Notable changes before 1900 included the founding in 1892 of a nursing school, which did not close until 1950, and changing the hospital's name in 1896 to the S.C. State Hospital for the Insane.
Although hospital finances became more stable in the 1880s, the legislature instructed the superintendent to economize wherever he could. While most states were increasing their annual per capita spending, South Carolina was reducing hers. The cost for each patient in 1877 had been $202. It was reduced to $140 by 1888. Nine years later, the per capita rate had fallen to $107.80, one of the lowest in the nation.
By 1900 the State Hospital had 1,040 patients. More than 30 percent of them died annually, due in part to poor living conditions and inadequate supervision. More facilities were built in the 1870s and 1880s, including two major additions to the buildings constructed in the 1850s northeast of the original Mills Building. However, the population outgrew these by 1900.
By 1910, after a legislative committee reported the asylum was too small, land was purchased north of Columbia, and plans were submitted for a new complex that became known as "State Park." When it opened in 1913, it was for black patients only. This hospital, named Palmetto State Hospital in 1963, was renamed Crafts-Farrow State Hospital in 1965 when it became a geriatric facility.
A legislative study of the asylum in 1909 found many problems, ranging from poor sanitation and dilapidated buildings to situations in which patients lived in unclean quarters or were forced to sleep in corridors. Many of the problems at the state hospital were common to facilities nationwide.
Dr. C. Fred Williams, superintendent of the S.C. State Hospital from 1915 to 1945, realized the need for community mental health clinics. He encouraged a program to educate the public about mental illness, its causes and methods of prevention.
The first clinic to provide services for the mentally ill who did not need hospitalization was opened at S.C. State Hospital in 1920. The first permanent outpatient clinic opened in Columbia in 1923. The success of this clinic inspired the opening of traveling clinics in Greenville and Spartanburg in 1924.
By 1927 clinics were established in Florence, Orangeburg, and Anderson. In 1928 a clinic opened in Charleston with plans for one in Rock Hill.
World War II came, and doctors, nurses, and social workers went war. The State Hospital staff was depleted, the clinics began to suffer. In early 1943, the Orangeburg and Rock Hill clinics closed for the duration, and on Nov. 1, 1943, Dr. Williams informed all of the clinics that they would be closed for the remainder of the war.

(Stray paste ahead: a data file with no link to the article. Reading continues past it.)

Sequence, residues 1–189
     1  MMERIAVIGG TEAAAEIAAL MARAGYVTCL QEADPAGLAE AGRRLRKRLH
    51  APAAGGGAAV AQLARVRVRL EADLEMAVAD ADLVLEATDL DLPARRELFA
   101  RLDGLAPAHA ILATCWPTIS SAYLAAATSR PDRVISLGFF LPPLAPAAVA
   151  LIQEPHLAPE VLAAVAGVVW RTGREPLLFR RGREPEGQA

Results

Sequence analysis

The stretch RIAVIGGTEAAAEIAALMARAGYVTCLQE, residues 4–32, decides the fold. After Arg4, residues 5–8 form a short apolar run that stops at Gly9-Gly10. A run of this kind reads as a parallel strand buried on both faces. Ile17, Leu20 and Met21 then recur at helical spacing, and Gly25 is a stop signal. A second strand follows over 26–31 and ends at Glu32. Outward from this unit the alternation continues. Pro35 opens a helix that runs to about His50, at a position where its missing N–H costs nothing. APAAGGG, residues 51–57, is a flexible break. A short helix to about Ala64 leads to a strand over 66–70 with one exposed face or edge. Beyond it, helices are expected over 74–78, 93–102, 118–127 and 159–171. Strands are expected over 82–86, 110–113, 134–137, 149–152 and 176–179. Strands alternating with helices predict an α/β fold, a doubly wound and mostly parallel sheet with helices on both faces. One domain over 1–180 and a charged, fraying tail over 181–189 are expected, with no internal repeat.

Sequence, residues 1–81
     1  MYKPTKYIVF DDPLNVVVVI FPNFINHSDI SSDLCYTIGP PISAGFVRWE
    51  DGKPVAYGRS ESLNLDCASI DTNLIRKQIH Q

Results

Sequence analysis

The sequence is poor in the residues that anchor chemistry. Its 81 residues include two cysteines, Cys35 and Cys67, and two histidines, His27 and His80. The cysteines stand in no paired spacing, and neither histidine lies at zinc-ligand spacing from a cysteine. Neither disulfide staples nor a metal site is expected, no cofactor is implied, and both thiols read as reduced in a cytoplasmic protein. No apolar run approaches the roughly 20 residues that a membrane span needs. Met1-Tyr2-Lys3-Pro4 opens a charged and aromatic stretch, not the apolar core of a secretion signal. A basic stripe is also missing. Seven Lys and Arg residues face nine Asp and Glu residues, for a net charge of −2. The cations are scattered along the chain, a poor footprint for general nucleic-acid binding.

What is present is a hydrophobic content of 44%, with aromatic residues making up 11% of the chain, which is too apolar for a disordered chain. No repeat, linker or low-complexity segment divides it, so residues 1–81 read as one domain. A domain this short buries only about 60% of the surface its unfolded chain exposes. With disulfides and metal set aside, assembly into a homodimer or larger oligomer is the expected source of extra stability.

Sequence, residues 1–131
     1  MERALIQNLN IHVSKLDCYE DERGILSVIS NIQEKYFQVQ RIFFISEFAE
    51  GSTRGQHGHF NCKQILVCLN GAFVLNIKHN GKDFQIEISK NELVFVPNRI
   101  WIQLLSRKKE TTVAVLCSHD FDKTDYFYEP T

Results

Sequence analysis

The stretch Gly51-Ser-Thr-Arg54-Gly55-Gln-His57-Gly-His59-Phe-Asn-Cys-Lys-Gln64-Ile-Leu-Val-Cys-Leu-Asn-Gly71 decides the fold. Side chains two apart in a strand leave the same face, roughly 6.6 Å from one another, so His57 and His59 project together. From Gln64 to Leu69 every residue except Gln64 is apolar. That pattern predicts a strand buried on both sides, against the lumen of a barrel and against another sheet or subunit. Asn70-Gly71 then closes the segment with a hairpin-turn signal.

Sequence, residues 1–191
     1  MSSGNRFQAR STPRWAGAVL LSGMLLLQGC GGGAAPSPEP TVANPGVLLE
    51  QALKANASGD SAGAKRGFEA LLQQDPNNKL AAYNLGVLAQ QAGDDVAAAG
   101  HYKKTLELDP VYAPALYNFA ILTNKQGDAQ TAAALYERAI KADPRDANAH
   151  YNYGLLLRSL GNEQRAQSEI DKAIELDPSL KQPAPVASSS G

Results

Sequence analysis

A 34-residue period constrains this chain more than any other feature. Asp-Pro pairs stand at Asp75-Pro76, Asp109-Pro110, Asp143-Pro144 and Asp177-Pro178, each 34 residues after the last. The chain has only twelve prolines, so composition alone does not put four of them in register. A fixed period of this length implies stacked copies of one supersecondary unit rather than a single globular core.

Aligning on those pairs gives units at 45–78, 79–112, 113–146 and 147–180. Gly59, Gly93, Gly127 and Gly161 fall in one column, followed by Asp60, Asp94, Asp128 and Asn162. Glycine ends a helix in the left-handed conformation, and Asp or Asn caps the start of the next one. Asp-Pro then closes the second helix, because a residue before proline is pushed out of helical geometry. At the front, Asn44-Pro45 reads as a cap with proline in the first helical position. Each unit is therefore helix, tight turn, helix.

Reopening of the clinics was delayed until late 1947 because of a lack of adequately trained personnel. As clinics continued to grow over the state, the need for state and federal funding increased. Help came in 1946 with the passage of Public Law 487 and in 1952 with the passage the Mental Health Act.
Public Law 487 provided federal funds from the Surgeon General, U.S. Public Health Service, for adequate mental hygiene clinics. The Mental Health Act provided for a Mental Health Commission to be in charge of all mental health facilities. Communities were required to contribute one third of the cost of clinic or center operation and the state would furnish the remaining two thirds.
In the mid - 1950s, the discovery of phenothiazines, "miracle drugs" that controlled many severe symptoms of mental illness, made it possible to "unlock" wards.
By 1957 clinics were in operation in Charleston, Greenville, Richland, Spartanburg, Darlington, and Florence counties.
Major functions of theses clinics included: cooperation and consultation with other agencies and professional people in the community; evaluation and treatment of emotional disturbances in adults and children; public education; and training psychiatric and pediatric resident doctors from the Medical College Hospital.
In addition to self-referrals, patient referrals to the centers came from physicians, ministers, lawyers, vocational rehabilitation, juvenile and domestic relations courts, and the Department of Public Welfare.
Two national events in the 1960s helped spur a large-scale relocation of patients with chronic mental illness to communities in South Carolina. First, the introduction of Medicaid and other improvements in the social welfare system underwrote the treatment of patients in their own communities. In 1963, the Federal Community Mental Health Centers Act provided matching federal funds for constructing community mental health centers.
In 1964, the S.C. Department of Mental Health was created as an independent agency of state government to develop a more comprehensive system, which combined medical care and treatment with expanded community services, mental health education, consultation, professional training, and research.
William S. Hall, M.D., became the first State Commissioner of Mental Health in South Carolina. Under Dr. Hall's enlightened guidance from 1964 to 1985, the agency made significant advances in community care. A comprehensive, statewide mental health care delivery system emerged and grew to encompass 10 major inpatient facilities and 17 community mental health centers providing services in all of the state's 46 counties with more than 6,000 employees.
During the 1970s, South Carolina experienced a number of firsts. They included the establishment of a transitional living project to help patients return to the community after long hospital stays, a facility for psychiatric patients who need long-term care, a program for autistic children, and an alcohol and drug addiction treatment center.
Patient's rights became an issue in the 1970s. The department embraced the movement by creating the position of ombudsman and a system of advocates to protect the rights and privileges of the patients and to serve as an intermediary between patients and the department.
By the end of the 1970s, the time had come for a renewed emphasis on the care of the chronically mentally ill. A report by The President's Commission of Mental Health in 1978 jump-started the effort. The commission, headed by then-First Lady Rosalyn Carter, for the first time put the care of people with serious mental illnesses on the front burner of federal concerns.
Although the 1980s began with great promise for people with mental illnesses, those hopes were short-lived. The 1980 Mental Health Systems Act, which promised new resources and refocused federal support of the care of persons with severe mental illnesses, was effectively repealed by the Omnibus Budget Reconciliation Act of 1981. The result-federal resources, available as block grants, shrank dramatically.